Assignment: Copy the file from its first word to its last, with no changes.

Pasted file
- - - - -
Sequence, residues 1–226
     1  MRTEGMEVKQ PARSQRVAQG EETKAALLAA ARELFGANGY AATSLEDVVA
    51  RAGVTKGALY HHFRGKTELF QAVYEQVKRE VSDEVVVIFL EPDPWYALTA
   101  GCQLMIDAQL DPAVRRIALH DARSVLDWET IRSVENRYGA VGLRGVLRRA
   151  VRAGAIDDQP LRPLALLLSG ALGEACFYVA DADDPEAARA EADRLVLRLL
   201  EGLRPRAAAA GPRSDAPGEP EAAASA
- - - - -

Sequence, residues 1–226
     1  MRTEGMEVKQ PARSQRVAQG EETKAALLAA ARELFGANGY AATSLEDVVA
    51  RAGVTKGALY HHFRGKTELF QAVYEQVKRE VSDEVVVIFL EPDPWYALTA
   101  GCQLMIDAQL DPAVRRIALH DARSVLDWET IRSVENRYGA VGLRGVLRRA
   151  VRAGAIDDQP LRPLALLLSG ALGEACFYVA DADDPEAARA EADRLVLRLL
   201  EGLRPRAAAA GPRSDAPGEP EAAASA